Oil prices edged up Tuesday on supply concerns sparked by the sabotage of two oil pipelines by militants in Nigeria.
By midday in Europe, light, sweet crude for September delivery had risen 23 cents to $124.96 a barrel in electronic trading on the New York Mercantile Exchange. The contract rose $1.47 to settle at $124.73 a barrel on Monday.
Monday’s attack in Nigeria targeted two pipelines believed to be owned by a unit of Royal Dutch Shell PLC and was the latest in a two-year campaign of attacks on the country’s oil industry. Shell said a pipeline had been damaged in attacks and that some crude production had been shut down to prevent the oil from spilling into the environment.
The oil company said Tuesday it may not be able to fulfill some oil-export contracts in the wake of the damage. That means less oil will likely be shipped from Africa’s biggest oil industry to global markets.
Shell, which is the country’s largest oil supplier, didn’t specify how much oil production was cut by the militant attack or how long repairs would take.
“The militant attacks on Shell’s pipelines are certainly supportive of oil pricing,” said Victor Shum, an energy analyst with consulting firm Purvin & Gertz in Singapore. “Shell has not divulged the extent of the disruption so it’s unclear how serious the pipeline attack is and so the market is really only reacting modestly.”
“These attacks have of course happened in the past and caused temporary disruptions and so that’s what the market expects – it’s been factored in,” Shum said.
The Movement for the Emancipation of the Niger Delta says it is acting to force the Nigerian federal government to send more oil-industry funds to the southern region, which produces all of Nigeria’s crude oil but remains impoverished after decades of corrupt and wasteful governance.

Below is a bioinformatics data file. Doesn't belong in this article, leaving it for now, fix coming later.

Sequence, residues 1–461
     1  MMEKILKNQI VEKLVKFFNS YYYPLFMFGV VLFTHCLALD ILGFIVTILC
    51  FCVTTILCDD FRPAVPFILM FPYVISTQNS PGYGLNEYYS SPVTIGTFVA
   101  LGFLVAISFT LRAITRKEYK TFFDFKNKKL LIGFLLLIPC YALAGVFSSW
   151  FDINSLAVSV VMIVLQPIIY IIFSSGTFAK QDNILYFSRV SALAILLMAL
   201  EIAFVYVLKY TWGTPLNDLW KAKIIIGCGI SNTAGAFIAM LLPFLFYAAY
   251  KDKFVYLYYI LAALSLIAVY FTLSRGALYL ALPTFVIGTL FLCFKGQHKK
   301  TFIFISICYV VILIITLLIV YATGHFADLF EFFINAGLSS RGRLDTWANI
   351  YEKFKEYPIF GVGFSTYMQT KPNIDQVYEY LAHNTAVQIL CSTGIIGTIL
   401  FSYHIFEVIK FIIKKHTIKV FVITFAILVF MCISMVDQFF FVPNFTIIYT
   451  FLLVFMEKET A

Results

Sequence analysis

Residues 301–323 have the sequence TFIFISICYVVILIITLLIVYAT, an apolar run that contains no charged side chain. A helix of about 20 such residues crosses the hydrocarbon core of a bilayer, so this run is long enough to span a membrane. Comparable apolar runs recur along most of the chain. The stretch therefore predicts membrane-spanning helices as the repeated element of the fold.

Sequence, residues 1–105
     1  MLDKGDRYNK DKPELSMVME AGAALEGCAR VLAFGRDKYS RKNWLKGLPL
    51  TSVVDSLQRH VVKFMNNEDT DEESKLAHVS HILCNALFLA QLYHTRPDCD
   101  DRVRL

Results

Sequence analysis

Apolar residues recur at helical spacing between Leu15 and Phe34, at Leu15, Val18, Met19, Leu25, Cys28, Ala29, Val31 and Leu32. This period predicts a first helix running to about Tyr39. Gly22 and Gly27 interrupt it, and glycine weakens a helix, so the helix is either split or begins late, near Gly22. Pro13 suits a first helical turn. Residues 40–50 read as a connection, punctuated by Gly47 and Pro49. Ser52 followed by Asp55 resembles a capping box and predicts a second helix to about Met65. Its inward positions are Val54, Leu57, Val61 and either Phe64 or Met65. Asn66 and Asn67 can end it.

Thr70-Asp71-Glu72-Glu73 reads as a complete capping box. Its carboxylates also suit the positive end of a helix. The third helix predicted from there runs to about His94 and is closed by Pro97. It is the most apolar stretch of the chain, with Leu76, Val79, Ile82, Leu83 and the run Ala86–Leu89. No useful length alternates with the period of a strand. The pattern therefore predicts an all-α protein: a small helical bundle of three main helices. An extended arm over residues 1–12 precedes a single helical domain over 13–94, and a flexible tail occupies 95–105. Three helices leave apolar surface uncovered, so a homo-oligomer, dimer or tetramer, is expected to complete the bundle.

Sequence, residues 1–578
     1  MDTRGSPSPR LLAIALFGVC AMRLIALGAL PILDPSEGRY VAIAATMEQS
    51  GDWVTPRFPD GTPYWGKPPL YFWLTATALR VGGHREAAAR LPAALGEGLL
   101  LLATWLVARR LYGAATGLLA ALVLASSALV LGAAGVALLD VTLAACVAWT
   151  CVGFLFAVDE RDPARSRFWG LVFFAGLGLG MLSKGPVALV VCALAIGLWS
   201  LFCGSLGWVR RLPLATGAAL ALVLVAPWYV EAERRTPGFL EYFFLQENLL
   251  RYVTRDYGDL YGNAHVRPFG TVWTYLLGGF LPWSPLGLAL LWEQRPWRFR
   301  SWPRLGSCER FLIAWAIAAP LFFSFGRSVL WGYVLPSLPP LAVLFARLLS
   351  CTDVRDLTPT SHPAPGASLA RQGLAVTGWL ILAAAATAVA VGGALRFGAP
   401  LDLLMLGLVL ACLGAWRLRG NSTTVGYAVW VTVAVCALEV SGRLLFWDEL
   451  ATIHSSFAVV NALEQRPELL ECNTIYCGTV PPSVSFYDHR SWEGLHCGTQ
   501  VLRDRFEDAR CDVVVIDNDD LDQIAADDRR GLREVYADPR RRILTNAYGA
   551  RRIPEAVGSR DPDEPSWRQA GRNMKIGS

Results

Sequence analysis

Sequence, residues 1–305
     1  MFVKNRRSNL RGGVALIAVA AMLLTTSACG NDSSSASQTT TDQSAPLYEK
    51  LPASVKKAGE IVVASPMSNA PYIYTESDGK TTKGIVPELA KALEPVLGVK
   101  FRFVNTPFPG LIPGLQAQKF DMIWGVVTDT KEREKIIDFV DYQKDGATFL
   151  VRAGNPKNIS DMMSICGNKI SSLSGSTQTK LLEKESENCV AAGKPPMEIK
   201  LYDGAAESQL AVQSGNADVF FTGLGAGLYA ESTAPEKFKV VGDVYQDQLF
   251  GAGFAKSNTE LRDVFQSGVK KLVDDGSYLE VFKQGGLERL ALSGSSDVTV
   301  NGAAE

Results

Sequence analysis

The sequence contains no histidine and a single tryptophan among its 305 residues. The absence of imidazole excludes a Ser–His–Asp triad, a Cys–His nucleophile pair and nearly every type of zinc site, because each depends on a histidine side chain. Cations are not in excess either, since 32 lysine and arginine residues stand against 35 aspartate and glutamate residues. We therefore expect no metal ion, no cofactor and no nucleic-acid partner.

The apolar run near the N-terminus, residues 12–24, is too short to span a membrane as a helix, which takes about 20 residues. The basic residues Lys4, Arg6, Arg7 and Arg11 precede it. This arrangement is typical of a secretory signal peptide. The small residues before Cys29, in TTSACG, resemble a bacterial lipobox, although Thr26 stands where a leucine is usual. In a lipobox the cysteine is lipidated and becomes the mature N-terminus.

Analysts at JBC Energy in Vienna, Austria, estimated the repeated attacks on country’s oil installations, Nigeria’s output had fallen to just below 1.9 million barrels a day from more than 2.4 million barrels a day in 2005.
Shum said the militant attacks in Nigeria are keeping oil prices from slipping further on concerns that high fuel prices have hurt demand in the U.S. – the world’s largest energy consumer – amid increasing uncertainty over the global economy.
“The real impact of these reported militant attacks in Nigeria … simply prevent oil pricing from being weighed down too much over slackening oil demand in the U.S.,” he said. “Pricing in the near term looks quite stable around the US$125 level.”
Crude futures have sharply fallen over the past two weeks. The price of oil has dropped in seven of the last 10 sessions, and is down about 15 percent from its peak above $147 a barrel earlier this month. Prices remain about 65 percent higher than at this time last year.
Analysts said trading volumes were low, with the market awaiting U.S. data later in the week for indications of how the world’s largest economy could be expected to perform in coming months.
Figures for gross domestic product for the second quarter will be released Thursday, while July auto sales and the July employment report are both due Friday.
In other Nymex trading, heating oil futures rose 1.35 cents to $3.5755 a gallon while gasoline prices added 0.81 cent to $3.0781 a gallon. Natural gas futures lost 1.1 cents to $9.152 per 1,000 cubic feet.
In London, September Brent crude gained 85 cents to $126.69 a barrel on the ICE Futures exchange.